Christ did promise that the Holy Spirit would confer power on the church: but not that sort of power. The power the church has is power that is born out of brokenness, not strength. The power that the church has is a prophetic influence, not a dictatorial role. The power that the church has is worked out through counter-cultural behaviour, not dictating the mainstream of society. That is the early history of church power that was only radically changed after the Emperor Constantine in the 4th-century and then even more so after the Reformation in the 16th-century.
And so it is appropriate, in the Holy Spirit, for us to seek power: not the power of domination or overt influence but the power of prophetic weakness. The type of power that shows the way of the cross as the way to life.
So the Holy Spirit is the gift of energy and excitement. The Holy Spirit is the gift of power. But crucially, and I think this is the most important of all…
The gift of the word
The Holy Spirit is the gift of the message to proclaim. One of the central images of the Pentecost event, as we have heard from our reading, is the fact that the silence was broken and the believers began speaking in tongues. Those who were there heard the Gospel message being proclaimed in their own tongue. It was the Holy Spirit who gave the Church something to say…
As Peter explained the Pentecost phenomenon to people, he drew their attention to the prophecy of Joel in the Old Testament: “In the last days it will be, God declares, that I will pour out my Spirit upon all flesh, and your sons and daughters shall prophesy…”
The church has a message. At the end of this service, we will sing ‘Go forth and tell…’ and that command to go and tell others the Good News of Jesus Christ is not something that we do in our own strength but in the strength and power of the Holy Spirit, who gives us the words to say.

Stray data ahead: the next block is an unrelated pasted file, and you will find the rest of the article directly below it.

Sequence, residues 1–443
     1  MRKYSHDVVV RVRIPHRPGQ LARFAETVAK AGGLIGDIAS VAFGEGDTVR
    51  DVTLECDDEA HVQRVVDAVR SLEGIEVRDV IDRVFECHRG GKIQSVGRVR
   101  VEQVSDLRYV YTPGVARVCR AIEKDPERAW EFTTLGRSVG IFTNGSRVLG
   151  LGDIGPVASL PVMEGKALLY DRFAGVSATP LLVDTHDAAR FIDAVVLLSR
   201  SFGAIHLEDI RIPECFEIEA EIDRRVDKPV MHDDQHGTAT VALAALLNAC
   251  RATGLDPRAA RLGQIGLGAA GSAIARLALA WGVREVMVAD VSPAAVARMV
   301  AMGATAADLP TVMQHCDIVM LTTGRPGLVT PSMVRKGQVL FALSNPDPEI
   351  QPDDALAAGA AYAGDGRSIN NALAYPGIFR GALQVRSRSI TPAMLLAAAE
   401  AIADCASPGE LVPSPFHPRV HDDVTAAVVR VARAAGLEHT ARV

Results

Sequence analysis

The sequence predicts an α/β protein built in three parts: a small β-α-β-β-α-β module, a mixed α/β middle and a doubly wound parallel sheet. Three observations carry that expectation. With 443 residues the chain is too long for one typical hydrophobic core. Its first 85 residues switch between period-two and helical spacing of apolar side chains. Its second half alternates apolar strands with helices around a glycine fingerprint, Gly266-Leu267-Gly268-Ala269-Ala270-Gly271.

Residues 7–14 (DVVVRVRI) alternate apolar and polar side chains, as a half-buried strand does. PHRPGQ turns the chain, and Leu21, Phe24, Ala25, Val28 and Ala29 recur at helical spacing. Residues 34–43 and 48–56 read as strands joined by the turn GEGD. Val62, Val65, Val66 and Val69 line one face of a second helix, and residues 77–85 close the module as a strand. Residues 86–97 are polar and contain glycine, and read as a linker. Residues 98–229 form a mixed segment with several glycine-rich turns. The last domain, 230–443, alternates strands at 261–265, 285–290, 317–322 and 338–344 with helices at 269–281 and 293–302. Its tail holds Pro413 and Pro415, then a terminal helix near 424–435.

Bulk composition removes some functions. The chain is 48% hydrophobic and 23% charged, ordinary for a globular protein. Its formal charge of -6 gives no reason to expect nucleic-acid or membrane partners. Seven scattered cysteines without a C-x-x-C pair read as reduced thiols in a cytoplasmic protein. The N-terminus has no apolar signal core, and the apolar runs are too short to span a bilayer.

The gift of the Holy Spirit is ultimately a gift, not to the Church, but to the whole world. Yes, we are energised and excited: not so we can be entertained, but so we can fruitfully engage in mission. Yes, we are empowered: not so that we can rule over society, but so we can draw people, by our example, to the cross. And, ultimately through the Holy Spirit, we are given a voice and a message to proclaim so that the whole world will hear and receive the good news of Jesus Christ.
At St. Andrew’s, we want to be a ‘Pentecost Church’: a church that is empowered and structured for mission, a church that is broken for mission, a church that has a prophetic word to bring to the world. That is the Spirit of Pentecost we celebrate today – and that is the Spirit we are called to embrace in all our activities: the Spirit of energy, the Spirit of power, the Spirit of prophecy. The Holy Spirit of God.
We want to be a Pentecost Church. We want to know the power of the Holy Spirit among us and so we open ourselves to the Holy Spirit and we ask him to bless us at St. Andrew’s so that we can be a blessing to the whole community of Enfield and beyond.